St Ed’s owners downplay works

by Ian Begley
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A series of complaints have been made regarding the treatment of lands at St Edmundsbury, which were recently bought by John Magnier and JP McManus, the owners of Luttrellstown Castle.
Denis McCarthy, a local resident of Beechpark, told the Gazette that extensive decimation has been done to the land’s woodlands, hedgerows and ditches.
He said: “Irreplaceable wildlife habitats have been destroyed, with little sensitivity being shown to the environment by the new owners.
“This is a terrible loss to us all and particularly so as our politicians assured us that this Liffey Valley Green Belt lands are protected.
“Are we next to lose our wonderful riverside walk amenity?” said McCarthy.
The pictures taken by the Beechpark resident show hedgerows and trees cut down, separating the fields on the land.
However, chief executive of Luttrellstown Castle and Country Club Colm Hannon said that the ongoing work is due to a tidy up process currently going on at St Ed’s.
“There has been no widespread cutting of trees – just bushes and weeds,” he said.
McCarthy went on to say said that the land, especially along the river walk of St Edmundsbury now looks “post nuclear”, saying: “What can be done? The destruction has taken place. There was such a battle to preserve the land, and I suppose the battle was won, but the war has been lost.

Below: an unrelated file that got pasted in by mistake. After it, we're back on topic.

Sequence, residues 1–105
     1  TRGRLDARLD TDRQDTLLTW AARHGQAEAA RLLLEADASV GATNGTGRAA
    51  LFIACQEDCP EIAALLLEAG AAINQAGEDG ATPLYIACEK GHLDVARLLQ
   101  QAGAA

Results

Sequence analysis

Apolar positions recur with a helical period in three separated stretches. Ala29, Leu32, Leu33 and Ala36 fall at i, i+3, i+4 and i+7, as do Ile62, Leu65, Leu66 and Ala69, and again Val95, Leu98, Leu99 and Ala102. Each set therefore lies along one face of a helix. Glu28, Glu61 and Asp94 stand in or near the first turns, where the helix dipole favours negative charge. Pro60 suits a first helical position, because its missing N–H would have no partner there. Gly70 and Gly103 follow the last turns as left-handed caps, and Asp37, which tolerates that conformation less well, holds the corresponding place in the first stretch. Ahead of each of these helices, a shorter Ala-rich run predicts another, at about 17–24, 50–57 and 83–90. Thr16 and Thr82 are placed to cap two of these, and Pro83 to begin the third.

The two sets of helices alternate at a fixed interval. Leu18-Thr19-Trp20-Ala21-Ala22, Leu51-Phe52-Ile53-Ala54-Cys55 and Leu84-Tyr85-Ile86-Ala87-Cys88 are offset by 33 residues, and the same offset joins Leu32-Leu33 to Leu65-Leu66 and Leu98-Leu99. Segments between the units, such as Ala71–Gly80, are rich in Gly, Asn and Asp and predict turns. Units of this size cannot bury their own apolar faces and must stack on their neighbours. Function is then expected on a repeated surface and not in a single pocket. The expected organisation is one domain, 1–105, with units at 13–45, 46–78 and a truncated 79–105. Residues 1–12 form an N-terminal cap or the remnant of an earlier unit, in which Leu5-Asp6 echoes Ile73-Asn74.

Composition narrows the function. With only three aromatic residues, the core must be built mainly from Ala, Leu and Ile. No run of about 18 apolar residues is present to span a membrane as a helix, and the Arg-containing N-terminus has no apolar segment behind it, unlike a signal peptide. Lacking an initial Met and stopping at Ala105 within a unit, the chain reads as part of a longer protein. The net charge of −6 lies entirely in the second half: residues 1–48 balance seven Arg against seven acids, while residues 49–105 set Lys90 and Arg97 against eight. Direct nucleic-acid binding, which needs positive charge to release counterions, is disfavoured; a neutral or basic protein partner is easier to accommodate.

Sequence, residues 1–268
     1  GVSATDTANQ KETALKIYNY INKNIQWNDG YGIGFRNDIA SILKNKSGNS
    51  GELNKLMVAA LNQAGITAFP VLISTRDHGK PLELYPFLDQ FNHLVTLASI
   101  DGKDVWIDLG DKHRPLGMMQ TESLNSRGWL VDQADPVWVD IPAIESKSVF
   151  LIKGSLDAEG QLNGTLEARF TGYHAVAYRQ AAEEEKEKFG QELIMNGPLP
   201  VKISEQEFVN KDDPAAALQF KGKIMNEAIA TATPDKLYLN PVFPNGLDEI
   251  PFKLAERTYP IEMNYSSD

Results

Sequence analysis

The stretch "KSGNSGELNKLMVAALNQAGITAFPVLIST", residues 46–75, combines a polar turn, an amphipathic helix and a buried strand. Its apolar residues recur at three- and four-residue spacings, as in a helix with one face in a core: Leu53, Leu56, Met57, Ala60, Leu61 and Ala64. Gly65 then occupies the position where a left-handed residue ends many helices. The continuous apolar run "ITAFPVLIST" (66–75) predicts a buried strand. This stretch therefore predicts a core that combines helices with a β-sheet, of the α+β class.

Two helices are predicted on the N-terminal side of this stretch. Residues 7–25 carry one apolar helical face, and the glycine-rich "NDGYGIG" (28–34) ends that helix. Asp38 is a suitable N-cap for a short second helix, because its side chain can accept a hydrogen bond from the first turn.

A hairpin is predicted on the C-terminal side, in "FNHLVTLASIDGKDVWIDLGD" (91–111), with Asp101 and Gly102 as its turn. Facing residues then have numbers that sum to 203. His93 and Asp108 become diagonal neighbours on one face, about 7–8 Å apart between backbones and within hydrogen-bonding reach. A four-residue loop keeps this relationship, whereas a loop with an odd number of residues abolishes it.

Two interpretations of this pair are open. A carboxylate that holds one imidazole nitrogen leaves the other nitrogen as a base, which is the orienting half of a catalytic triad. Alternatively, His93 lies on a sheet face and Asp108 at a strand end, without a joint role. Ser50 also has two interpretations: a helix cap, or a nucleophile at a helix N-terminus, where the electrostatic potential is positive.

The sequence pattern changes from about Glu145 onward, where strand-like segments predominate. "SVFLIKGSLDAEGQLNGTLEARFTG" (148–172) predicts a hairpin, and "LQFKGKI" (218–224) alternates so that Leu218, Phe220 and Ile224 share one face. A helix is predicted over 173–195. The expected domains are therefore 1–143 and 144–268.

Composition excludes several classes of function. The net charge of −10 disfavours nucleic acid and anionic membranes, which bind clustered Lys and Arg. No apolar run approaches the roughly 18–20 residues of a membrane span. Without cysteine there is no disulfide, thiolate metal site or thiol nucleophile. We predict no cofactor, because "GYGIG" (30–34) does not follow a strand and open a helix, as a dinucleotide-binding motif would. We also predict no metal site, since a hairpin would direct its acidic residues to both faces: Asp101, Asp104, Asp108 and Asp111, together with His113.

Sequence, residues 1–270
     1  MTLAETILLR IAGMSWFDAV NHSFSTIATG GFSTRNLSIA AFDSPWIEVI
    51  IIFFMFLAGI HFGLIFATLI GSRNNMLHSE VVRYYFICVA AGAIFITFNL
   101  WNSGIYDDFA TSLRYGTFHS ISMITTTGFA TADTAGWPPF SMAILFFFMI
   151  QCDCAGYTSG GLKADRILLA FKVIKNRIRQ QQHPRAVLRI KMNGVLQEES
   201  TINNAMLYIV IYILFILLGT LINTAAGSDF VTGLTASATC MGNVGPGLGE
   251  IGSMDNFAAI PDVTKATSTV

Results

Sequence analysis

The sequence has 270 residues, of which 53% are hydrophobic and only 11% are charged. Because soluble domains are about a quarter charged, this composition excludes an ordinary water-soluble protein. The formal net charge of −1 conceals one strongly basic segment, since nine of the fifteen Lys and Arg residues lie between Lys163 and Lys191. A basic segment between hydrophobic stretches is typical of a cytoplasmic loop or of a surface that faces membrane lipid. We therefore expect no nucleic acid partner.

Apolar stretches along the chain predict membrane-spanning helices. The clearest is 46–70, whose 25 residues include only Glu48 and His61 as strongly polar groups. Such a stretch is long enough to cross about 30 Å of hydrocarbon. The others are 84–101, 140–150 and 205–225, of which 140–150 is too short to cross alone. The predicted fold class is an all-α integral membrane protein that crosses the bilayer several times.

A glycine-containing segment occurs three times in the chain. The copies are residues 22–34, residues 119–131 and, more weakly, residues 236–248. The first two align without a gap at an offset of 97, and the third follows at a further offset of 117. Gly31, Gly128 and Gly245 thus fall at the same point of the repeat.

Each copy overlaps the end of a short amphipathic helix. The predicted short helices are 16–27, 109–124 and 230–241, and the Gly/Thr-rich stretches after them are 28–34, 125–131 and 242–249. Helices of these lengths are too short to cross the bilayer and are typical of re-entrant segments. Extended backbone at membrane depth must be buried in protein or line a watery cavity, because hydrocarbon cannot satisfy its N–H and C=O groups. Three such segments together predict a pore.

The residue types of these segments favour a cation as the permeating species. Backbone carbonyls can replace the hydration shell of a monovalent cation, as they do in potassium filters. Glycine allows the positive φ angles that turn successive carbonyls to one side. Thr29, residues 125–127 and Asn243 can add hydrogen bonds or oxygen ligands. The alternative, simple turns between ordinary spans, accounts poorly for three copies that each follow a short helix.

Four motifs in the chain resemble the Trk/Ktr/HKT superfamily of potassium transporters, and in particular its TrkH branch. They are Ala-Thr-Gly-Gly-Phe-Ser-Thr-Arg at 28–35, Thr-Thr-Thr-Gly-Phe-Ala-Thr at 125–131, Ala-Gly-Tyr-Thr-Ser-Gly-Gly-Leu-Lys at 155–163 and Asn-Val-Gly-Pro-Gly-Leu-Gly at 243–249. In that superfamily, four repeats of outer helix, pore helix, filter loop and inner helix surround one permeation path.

“Really why I did [take the pictures] is because I don’t think people know the extent of the damage that’s being done there.”
“You can see from the photographs that it’s really bad. The ditches separating the individual fields have been cut to nothing and a lot of them have been filled in.”
Lucan Cllr William Lavelle (FG) said that he has been contacted by numerous residents regarding concerns over works to hedgerows and ditches on the St Ed’s lands.
Speaking to the Gazette, he said: “These lands are absolutely protected from residential development, but agricultural activity is allowed.
“I have asked the council’s heritage and conservation officer to examine if the current works are in compliance with the protections afforded to these lands by way of the land zoning and special area amenity order currently in place.”
Speaking to the Gazette in December, Colm Hannon said that the land bought by John Magnier and JP McManus would be used for farming.
He also said that the owners had discussed the maintenance of the land with South Dublin County Council and local councillors, and denied any widespread cutting of trees.
“We’ve had extensive meetings with Cllr William Lavelle and the council on maintaining the land.
“There has been no widespread cutting of trees – just bushes and weeds.”
Hannon said that people who pass through the lands are seeing the cleaning up process taking place, and not the destruction or the total decimation of the land’s woodlands, hedgerows and ditches.
“In conjunction with the council, we respect woodlands and the environment, and Lutrellstown is a testament to that,” said Hannon.

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